In recent years, Russia has enjoyed unforeseen riches as a result of a huge rise in revenues from oil and gas exports. The BBC's James Rodgers in Moscow reports on what this wealth has done to the country, and what it means for its future.
Of course, this is a commercial dispute, but you have to understand what that means in a country where the line between politics and business is not clear.
Russian leaders have become major players on the world stage
In some places it is broad, blurred and easy to cross. In others, it disappears.
Before he became President, Dmitry Medvedev combined the chairmanship of Gazprom, the giant Russian gas company, with his role as Russia's first deputy prime minister.
Now, when Gazprom wonders whether it might be a good idea to reduce the amount of gas it sends to Europe via Ukraine, its chief executive goes to discuss the matter with the Prime Minister, Vladimir Putin. Not quietly, or in any smoke-filled room, but in Mr Putin's office, in front of the television cameras.
Mr Putin scowls as he hears tales of Ukraine stealing gas it has not paid for. He gives his consent to the plan. The taps are turned.
Nothing has influenced Russia's recent history more than the riches generated by oil and gas revenues.
There must be a fascinating piece of academic research to be written on how the oil price has influenced Russia's political fortunes.
Could Communism have lasted longer if it had been propped up by more dollars from selling energy to the capitalists? Might Boris Yeltsin's reform programme have succeeded if he had enjoyed the higher oil prices which came after his time in office?
The effect is not confined to the realms of research and political theory.
I recently travelled to Perm, in Russia's Ural Mountains region. This is the edge of Siberia, and the edge of the oil fields.
Russia's new riches are most obvious in the streets of the capital and the country's big cities, but this is where they start, in wilderness where the winter wind freezes your face.
The EU depends on Russia for about a quarter of its total gas supplies
No gleaming tower blocks here, only a few wooden houses - and pumps and pipes which take the oil on the first stage of its journey to the refineries. Huge skies arch over these man-made structures, dwarfing them all.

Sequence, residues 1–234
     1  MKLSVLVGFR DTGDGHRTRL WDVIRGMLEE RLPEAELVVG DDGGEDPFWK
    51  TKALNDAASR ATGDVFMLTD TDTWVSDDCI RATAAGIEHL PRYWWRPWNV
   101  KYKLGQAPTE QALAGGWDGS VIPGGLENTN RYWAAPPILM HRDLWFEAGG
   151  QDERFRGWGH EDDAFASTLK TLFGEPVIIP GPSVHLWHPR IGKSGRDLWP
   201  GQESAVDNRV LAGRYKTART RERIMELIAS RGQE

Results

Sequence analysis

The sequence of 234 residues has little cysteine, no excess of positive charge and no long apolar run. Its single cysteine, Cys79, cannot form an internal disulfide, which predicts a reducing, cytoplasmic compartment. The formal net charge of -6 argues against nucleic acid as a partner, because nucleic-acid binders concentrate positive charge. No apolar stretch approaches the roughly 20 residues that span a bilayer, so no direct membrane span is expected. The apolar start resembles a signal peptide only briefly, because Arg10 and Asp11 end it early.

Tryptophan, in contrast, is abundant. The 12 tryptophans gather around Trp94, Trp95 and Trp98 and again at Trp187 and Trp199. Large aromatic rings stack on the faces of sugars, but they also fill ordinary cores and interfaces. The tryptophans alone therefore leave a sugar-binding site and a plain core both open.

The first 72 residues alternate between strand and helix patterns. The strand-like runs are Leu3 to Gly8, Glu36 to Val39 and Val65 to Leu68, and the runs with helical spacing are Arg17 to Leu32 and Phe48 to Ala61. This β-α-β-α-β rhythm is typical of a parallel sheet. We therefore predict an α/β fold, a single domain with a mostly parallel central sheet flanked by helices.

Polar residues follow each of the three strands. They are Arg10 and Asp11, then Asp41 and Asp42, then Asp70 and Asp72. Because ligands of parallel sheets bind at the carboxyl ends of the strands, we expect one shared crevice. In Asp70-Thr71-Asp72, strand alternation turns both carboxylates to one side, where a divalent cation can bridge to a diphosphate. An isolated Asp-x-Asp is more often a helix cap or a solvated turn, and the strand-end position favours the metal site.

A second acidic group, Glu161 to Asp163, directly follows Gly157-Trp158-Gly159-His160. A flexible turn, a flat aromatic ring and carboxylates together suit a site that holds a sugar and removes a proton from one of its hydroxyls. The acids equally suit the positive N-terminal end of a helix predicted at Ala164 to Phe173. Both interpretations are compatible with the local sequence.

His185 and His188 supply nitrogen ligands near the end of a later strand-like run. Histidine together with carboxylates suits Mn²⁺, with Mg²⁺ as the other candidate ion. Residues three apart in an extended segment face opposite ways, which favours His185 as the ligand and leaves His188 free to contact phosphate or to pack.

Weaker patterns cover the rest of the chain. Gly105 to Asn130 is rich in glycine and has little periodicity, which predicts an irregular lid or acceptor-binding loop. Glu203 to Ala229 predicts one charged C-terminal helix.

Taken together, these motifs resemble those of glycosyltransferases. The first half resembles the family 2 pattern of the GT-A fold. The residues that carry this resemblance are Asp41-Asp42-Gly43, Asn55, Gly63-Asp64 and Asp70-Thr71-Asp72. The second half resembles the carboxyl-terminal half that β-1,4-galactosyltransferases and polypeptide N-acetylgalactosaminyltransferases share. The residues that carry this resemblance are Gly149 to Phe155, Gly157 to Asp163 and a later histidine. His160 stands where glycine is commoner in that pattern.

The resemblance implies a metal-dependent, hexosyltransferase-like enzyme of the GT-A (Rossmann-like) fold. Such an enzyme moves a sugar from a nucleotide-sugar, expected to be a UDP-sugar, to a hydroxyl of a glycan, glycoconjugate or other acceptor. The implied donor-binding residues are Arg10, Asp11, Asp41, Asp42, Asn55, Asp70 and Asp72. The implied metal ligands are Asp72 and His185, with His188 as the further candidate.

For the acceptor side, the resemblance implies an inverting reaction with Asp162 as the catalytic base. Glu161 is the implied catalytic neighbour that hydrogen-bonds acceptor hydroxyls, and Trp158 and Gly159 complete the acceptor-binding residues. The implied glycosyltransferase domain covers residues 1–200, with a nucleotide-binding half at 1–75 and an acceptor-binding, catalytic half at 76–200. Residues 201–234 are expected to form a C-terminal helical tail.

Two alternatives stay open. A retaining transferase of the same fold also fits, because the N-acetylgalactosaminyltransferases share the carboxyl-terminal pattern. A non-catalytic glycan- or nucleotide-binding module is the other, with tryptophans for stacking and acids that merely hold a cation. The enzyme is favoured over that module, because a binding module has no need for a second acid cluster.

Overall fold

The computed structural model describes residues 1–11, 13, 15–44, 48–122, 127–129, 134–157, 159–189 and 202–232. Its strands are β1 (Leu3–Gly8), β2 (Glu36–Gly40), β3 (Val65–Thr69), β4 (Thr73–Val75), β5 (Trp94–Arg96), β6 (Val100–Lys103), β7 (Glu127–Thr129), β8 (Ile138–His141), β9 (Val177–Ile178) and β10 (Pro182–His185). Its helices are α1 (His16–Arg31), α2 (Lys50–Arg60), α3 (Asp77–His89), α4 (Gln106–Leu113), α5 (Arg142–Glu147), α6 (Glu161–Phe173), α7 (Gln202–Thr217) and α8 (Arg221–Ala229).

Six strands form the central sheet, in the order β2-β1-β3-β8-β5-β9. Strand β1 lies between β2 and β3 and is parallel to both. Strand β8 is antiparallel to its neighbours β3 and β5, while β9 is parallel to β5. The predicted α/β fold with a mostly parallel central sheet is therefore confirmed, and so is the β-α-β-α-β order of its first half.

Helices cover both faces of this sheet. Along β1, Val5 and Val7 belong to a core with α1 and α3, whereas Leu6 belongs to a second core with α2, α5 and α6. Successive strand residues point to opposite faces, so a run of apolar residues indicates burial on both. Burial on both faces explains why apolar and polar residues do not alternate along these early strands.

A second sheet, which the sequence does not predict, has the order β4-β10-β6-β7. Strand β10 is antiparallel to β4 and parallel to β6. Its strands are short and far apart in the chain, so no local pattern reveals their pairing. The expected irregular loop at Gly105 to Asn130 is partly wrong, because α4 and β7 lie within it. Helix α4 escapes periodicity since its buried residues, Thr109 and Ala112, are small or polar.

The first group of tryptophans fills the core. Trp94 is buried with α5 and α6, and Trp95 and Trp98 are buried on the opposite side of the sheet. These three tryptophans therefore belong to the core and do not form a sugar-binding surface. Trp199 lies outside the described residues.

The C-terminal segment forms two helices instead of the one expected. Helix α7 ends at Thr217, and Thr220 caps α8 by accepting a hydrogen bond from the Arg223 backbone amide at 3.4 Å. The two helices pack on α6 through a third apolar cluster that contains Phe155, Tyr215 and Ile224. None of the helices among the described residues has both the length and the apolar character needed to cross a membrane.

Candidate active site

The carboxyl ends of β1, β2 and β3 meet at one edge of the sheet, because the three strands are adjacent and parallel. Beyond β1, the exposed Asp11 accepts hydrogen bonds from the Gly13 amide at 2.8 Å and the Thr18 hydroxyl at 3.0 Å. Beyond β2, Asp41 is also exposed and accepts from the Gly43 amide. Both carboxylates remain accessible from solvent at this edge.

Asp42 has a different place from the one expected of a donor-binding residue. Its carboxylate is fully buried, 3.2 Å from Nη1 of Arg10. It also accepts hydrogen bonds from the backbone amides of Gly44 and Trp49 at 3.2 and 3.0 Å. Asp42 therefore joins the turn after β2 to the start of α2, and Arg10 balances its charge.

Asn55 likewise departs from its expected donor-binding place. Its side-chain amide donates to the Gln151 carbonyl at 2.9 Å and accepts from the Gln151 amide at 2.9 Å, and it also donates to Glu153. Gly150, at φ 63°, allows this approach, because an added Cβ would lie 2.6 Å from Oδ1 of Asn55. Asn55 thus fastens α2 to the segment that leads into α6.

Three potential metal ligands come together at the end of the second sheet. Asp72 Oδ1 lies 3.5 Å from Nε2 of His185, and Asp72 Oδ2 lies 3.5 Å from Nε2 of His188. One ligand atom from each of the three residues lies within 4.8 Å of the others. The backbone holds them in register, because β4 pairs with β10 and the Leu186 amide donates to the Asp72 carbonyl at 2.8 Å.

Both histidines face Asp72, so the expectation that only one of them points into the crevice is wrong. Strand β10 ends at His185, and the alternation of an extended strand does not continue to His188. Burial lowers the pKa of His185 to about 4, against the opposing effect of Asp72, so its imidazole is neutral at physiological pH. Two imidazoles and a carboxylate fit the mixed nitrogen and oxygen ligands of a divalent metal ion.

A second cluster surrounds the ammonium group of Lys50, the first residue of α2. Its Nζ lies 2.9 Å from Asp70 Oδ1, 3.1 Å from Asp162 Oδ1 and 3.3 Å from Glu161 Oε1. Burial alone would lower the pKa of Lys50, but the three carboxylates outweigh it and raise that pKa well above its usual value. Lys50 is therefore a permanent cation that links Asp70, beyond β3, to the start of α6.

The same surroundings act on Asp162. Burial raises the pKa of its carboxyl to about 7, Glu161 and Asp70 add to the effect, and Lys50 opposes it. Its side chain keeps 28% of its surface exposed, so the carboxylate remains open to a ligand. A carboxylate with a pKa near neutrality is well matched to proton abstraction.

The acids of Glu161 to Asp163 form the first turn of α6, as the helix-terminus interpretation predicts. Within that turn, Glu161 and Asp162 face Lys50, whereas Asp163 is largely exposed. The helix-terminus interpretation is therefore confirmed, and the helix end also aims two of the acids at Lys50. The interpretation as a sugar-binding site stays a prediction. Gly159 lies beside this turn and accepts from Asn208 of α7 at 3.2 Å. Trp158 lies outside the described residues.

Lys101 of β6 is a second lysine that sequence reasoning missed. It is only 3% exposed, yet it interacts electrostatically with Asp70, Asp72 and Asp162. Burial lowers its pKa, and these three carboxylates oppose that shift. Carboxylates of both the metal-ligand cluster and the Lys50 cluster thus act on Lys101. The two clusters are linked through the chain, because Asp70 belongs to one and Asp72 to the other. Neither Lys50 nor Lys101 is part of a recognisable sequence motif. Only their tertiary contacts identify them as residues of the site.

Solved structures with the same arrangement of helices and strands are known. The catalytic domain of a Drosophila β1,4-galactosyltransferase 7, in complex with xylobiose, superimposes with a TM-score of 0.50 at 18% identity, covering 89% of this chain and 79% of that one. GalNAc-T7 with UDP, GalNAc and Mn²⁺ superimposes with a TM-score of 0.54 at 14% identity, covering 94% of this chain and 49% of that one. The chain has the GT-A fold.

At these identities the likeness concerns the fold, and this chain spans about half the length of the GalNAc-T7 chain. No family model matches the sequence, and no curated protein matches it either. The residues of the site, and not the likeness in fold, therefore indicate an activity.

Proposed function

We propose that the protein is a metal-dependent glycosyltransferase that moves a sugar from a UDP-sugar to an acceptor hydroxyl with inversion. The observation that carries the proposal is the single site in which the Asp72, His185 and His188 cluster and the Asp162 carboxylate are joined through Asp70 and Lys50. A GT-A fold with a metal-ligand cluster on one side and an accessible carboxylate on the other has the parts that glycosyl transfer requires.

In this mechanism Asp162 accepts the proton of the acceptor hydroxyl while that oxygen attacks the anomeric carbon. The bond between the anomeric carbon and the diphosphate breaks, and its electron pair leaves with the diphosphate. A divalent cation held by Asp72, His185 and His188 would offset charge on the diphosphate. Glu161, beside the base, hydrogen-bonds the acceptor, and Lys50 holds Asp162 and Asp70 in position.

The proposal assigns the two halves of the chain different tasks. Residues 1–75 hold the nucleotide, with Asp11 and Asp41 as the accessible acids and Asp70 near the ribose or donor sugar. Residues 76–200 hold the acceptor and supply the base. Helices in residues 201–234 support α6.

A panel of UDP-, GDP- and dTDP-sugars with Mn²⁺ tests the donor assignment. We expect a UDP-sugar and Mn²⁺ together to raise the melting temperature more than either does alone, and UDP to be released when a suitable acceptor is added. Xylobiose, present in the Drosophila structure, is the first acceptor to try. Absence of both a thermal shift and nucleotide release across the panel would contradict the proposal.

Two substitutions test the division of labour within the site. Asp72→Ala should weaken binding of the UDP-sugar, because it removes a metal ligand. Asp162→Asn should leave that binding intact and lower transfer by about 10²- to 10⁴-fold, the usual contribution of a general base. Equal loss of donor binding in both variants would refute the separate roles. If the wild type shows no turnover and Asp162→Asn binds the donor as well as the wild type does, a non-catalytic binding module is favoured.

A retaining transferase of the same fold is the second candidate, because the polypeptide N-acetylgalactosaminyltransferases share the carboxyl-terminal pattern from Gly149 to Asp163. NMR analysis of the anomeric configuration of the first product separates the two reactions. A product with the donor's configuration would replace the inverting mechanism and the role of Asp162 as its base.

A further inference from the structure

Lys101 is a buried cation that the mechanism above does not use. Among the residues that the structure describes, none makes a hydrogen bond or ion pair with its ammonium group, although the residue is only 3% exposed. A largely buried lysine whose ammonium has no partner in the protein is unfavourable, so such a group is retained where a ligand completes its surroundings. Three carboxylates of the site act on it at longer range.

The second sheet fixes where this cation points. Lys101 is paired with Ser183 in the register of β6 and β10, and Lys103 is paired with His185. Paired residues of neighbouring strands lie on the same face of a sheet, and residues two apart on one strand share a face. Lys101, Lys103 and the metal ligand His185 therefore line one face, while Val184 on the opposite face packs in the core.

Vladimir Seleznov, the area manager of the oil company Lukoil, showed me round.
"A lot has changed over the last 10 years," he told me.
"Our production standards have improved.
"People's living standards in this area also have improved. Oil is the only thing we have got here, and people's lives depend on it."
The next day, on the outskirts of Perm, I saw what he meant.
Travelling around this country, you sometimes hear complaints that not enough oil money is being used to help ordinary people.
Here, the local authorities had embarked on a massive construction project.
New construction work has contributed to Russian optimism and self-esteem
A new road was taking shape on the floor of a shallow valley. The slopes on either side recalled Russia's past - the wooden houses of pre-revolutionary village life faced 20th Century tower blocks.
The new road - paid for by petro-roubles - looked to the future.
Alexander, one of the workers, shrugged when I suggested that falling oil prices might lead to the project being halted.
"Other ones, maybe," he said. "Not this one."
I do not know why he was so sure. It may have been an example of Russia's new national self-esteem, a pride which has been hard to puncture, but which is now feeling slightly brittle.
The wealth is not just important because it is building new roads, but because it makes Russia feel better.
It is only 10 years since there was a major financial crisis here. The currency collapsed. There was a run on the banks. That ghost still haunts Russia today.
National pride is one factor as Russia fights its war of contracts and prices with Ukraine. Another is Russia's approach to negotiations.
I have heard it from oil men, I have heard it from diplomats: Russia rarely seems to appreciate that something can be mutually beneficial. If your opposite number seems content, the suspicion is that he has somehow deceived you. It must be a bad deal, so do not do it.
All of this is complicated further by the poor state of recent political relations between Russia and Ukraine.
If there is one thing that keeps Kremlin officials awake at night, it is the prospect of some kind of "Orange Revolution", like the one which ushered in the current Ukrainian administration, coming to Russia.
There is no prospect of that happening at the moment, but then no one imagined that the oil price would plummet as it has.
Russia is about to struggle back to work after a lengthy holiday for New Year and Orthodox Christmas.
As they sober up, millions of Russians will be worrying about unemployment - 400,000 lost their jobs in November.
Faced with possible popular discontent in a country where public protest is rare, the government cannot be seen to be weak - either at home or abroad.
From Our Own Correspondent was broadcast on Saturday, 10 January, 2009 at 1130 GMT on BBC Radio 4. Please check the programme schedules for World Service transmission times.